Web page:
In this post, I will share my experience creating city maps for my games. I will talk about the general ideas behind my approach as well as the software I use when creating the maps.
City maps differ from both state and dungeon maps because you do not provide exact numerical data to the players, but only relational information between the elements represented in it. The elements that I represent in my maps are: the districts, the city wall, entrances and exits to the city, any major bodies of water, and important locations within the districts.
Using the information available in the web enhancement entitled Building a City by the Wizards of the Coast, I was able to form my own tailored system for defining each of the districts. First, I use the supplement to get the districts names, the social class, and a few important guidelines on what that district should be all about.
The social class of the districts plays a important role, because it determines the city guard and thieves guild involvement in the crimes committed in the district, as well as the type of encounters that will randomly occur in it.
After defining the district, I move towards determining the businesses that operate in the city. To do that, I use the spreadsheet created by the hero forge development group called TownForge. This spreadsheet is available as a free download from the project page and is indispensable for rapidly generating all the little details about businesses that operate in the city, population breakdown by race and class, and even information that defines the city guard.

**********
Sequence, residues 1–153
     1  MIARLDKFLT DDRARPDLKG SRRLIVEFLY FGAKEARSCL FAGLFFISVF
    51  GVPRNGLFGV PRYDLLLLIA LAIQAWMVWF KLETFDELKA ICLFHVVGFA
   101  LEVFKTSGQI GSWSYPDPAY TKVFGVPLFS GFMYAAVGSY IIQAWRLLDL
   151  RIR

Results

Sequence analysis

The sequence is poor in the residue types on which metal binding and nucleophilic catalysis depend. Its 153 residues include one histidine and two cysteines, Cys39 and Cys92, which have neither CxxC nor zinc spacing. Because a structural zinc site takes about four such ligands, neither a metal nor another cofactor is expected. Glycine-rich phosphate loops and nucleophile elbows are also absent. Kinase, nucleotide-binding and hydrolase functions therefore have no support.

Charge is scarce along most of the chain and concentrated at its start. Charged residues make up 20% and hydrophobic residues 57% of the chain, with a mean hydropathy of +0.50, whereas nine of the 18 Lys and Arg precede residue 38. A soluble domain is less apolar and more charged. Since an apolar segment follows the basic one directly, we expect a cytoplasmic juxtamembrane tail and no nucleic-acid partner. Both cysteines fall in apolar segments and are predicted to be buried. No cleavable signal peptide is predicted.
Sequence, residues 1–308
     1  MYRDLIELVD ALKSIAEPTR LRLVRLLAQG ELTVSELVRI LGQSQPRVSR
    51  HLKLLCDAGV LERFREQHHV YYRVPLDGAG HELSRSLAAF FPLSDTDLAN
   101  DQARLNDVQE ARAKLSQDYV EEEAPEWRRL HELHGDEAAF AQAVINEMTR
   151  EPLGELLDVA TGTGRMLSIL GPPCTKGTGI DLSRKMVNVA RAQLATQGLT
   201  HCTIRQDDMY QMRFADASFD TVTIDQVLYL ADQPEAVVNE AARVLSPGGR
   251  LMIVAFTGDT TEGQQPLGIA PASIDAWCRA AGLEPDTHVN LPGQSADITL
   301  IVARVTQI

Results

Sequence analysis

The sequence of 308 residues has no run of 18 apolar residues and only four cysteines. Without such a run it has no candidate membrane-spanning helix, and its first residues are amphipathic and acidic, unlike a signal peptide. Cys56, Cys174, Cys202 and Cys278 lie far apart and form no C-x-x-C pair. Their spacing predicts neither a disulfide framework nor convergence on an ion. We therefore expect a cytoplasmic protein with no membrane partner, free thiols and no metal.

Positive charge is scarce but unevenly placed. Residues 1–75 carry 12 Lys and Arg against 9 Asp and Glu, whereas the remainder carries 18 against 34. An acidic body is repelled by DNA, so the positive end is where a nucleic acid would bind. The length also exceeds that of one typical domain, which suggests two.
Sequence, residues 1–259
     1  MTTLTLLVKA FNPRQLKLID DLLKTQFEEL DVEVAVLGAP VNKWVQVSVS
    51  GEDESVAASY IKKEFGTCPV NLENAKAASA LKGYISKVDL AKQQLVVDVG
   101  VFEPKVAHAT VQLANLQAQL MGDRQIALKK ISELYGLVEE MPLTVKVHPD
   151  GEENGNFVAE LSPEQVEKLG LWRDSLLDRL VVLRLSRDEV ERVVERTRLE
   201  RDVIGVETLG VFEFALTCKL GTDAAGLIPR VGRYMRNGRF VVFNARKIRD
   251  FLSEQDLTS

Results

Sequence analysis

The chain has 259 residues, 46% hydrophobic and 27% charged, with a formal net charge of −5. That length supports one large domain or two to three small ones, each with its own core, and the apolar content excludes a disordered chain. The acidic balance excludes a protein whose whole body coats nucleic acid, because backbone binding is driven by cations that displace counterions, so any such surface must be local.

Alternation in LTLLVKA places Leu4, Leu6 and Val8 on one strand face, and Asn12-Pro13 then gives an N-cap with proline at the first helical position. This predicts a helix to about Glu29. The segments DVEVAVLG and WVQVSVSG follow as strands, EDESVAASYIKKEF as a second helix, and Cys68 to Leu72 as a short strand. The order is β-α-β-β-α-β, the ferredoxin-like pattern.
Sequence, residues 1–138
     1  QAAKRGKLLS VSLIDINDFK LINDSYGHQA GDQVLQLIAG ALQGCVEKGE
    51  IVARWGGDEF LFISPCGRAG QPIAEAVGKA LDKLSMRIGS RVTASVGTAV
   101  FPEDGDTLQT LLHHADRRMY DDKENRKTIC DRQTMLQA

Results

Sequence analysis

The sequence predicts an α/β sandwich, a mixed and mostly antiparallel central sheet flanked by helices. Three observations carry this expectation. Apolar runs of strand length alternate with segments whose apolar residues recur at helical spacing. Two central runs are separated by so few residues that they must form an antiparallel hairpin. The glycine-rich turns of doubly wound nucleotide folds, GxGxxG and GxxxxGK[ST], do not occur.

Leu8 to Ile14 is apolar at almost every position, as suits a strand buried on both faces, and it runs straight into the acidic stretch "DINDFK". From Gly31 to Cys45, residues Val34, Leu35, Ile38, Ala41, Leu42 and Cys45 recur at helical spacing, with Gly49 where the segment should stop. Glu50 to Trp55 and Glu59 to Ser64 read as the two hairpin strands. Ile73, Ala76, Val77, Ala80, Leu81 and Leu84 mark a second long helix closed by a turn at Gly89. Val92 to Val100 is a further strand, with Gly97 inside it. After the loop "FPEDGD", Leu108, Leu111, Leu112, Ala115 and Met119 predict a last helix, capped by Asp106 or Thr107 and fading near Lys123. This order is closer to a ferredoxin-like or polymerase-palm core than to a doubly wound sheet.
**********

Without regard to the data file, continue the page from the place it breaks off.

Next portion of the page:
Once I run that spreadsheet, I proceed to place the businesses around the districts matching the two to create a cohesive whole. The placement takes into consideration the description of the districts . For example: The tavern district should have more than one tavern in it and if there aren't enough taverns to fulfill that requirement, I promptly run the spreadsheet again and generate those extra taverns.
The graphical representation of the city is not as important as the details that I have mention above, but I always provide one using a program called Roleplaying City Map Generator. The program is easy to use, it also creates really nice looking maps, and best of all, it exports the images as bitmaps which are easy to edit.
Once all that work is done, I run the City Descriptor Macro to distinguish the city by filling out information about the justice system, or about the city market for weapons and armors.
Using the system detailed above, you can have a very detailed city for your campaigns. With the usage of those random generators, it should take you no more than 20 minutes to finish an entire city.